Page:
Reporting Amy Rea
If you happen to think about University of Minnesota libraries, you might think that they’re filled with all matter of academic works, fit mainly for college students of all levels. Of course there are tons of academic materials, but that’s far from what’s available there, and you don’t have to be an enrolled student to enjoy some of the holdings.
For example, the Children’s Literature Research Collections, many of which are housed in the Elmer L. Andersen Library on the West Bank, contains not only over 100,000 children’s books, but original manuscript pages as well.
There are also some very special comics books in the John Philip Borger Comic Book Collection.
Not to mention unusual editions of children’s classics.
Moving away from children’s literature, did you know that the U of M has the largest holding of Sherlock Holmes materials in the world? The Sherlock Holmes Collection has more than 60,000 items related to the popular Sir Arthur Conan Doyle character, including handwritten manuscript.
Speaking of handwritten manuscripts, there’s also an extensive collection of Minnesota literary artifacts, including archives of several local publishers (Graywolf Press and Milkweed Editinos, among others). Among the Minnesota writers represented is poet and author Robert Bly, with both handwritten drafts and annotated texts.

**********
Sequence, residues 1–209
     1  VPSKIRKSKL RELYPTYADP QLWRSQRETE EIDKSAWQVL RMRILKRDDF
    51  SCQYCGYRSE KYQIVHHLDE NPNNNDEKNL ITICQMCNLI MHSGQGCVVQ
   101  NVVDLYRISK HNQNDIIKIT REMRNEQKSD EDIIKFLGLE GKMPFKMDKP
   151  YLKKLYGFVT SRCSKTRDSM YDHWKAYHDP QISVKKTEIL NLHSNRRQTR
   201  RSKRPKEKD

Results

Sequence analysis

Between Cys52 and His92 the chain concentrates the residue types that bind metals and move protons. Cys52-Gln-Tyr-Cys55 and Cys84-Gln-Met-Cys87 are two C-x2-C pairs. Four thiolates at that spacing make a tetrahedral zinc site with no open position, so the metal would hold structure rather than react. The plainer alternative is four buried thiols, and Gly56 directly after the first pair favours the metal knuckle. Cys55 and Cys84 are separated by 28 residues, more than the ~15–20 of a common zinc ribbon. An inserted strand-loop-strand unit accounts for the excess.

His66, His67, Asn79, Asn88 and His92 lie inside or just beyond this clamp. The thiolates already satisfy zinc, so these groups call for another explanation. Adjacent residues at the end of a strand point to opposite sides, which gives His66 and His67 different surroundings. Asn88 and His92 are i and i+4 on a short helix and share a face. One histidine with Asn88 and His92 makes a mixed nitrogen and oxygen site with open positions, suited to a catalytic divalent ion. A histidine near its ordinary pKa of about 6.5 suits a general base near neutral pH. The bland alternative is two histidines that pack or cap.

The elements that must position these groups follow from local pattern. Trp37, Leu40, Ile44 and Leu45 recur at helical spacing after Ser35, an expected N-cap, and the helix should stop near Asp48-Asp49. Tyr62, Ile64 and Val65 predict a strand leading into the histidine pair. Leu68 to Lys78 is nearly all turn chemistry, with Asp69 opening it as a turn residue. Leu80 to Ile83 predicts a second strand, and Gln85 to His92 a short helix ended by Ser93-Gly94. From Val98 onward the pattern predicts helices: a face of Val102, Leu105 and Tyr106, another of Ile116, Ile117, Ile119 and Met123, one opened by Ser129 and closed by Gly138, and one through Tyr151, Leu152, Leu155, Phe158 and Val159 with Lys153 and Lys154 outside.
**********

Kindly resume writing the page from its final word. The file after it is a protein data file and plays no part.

Our immigrant history is well documented too, with handwritten letters and diaries in all languages, some illustrated.
The Northwest Architectural Archives is a treasure trove of records and plans from architects, engineers, contractors, and landscape and interior designers, including some early plans for the Uptown Theat43.
There’s a somewhat hilarious collection of pamphlets given to warn the young men fighting the world wars about the dangers of consorting with loose women.
This is just a taste of the variety available in these libraries. There are also collections focused on the Twin Cities performing arts community, the GLBT community, maps—you name it, it’s probably in a collection.
Getting to visit these collections can be done in a couple of different ways. If you’re a member of the
Friends of the Library or the Loft Literary Center, you will receive invitations to periodic events called Taste of the Stacks (and if you get such an invite, RSVP immediately—these events fill up quickly). Taste of the Stacks provides a glimpse into multiple collections during a social event, complete with wine and snacks.
Not a member of either organization? Each library has published policies on visiting these collections and viewing rare materials. Sometimes an appointment is required. Or, if a direct visit isn’t possible, browse the vast website and its archives, which have plentiful resources for the curious.
What else is happening in our state? Be sure to check out the 10 p.m. Sunday night WCCO newscasts, where you can learn more in the weekly segment, Finding Minnesota.